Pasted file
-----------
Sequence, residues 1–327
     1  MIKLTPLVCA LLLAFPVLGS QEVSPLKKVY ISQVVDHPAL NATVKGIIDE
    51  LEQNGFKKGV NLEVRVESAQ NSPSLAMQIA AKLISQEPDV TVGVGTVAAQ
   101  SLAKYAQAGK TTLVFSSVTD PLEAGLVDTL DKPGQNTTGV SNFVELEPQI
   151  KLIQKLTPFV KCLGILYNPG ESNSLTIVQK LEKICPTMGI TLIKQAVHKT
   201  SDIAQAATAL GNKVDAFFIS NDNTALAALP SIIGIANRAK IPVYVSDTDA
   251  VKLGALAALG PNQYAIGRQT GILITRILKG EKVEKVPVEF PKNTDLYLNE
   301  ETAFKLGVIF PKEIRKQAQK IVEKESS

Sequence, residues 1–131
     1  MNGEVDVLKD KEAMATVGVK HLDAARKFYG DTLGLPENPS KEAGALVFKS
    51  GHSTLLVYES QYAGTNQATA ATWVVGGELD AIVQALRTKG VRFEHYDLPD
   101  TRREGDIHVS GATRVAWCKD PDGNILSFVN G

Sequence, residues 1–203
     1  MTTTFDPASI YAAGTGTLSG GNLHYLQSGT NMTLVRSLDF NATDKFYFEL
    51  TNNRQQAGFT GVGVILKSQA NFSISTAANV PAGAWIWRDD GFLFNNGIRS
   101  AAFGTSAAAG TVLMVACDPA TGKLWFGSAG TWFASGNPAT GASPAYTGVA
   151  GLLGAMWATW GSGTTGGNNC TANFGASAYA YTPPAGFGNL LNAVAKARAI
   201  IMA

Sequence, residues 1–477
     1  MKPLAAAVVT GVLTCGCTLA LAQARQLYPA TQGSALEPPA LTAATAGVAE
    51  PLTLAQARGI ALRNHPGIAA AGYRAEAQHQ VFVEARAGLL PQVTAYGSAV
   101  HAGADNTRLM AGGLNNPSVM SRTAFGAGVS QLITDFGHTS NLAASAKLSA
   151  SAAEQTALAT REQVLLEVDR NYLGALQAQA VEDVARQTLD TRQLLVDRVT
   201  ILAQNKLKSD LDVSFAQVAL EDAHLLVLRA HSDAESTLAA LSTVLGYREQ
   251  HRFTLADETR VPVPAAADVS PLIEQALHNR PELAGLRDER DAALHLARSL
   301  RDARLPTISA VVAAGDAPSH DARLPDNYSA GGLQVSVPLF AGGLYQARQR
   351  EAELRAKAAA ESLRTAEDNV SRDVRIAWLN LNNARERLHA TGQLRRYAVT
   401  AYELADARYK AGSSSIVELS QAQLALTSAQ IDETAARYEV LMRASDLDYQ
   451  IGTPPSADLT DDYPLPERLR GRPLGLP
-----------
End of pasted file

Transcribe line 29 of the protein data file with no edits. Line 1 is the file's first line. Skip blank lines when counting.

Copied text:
   451  IGTPPSADLT DDYPLPERLR GRPLGLP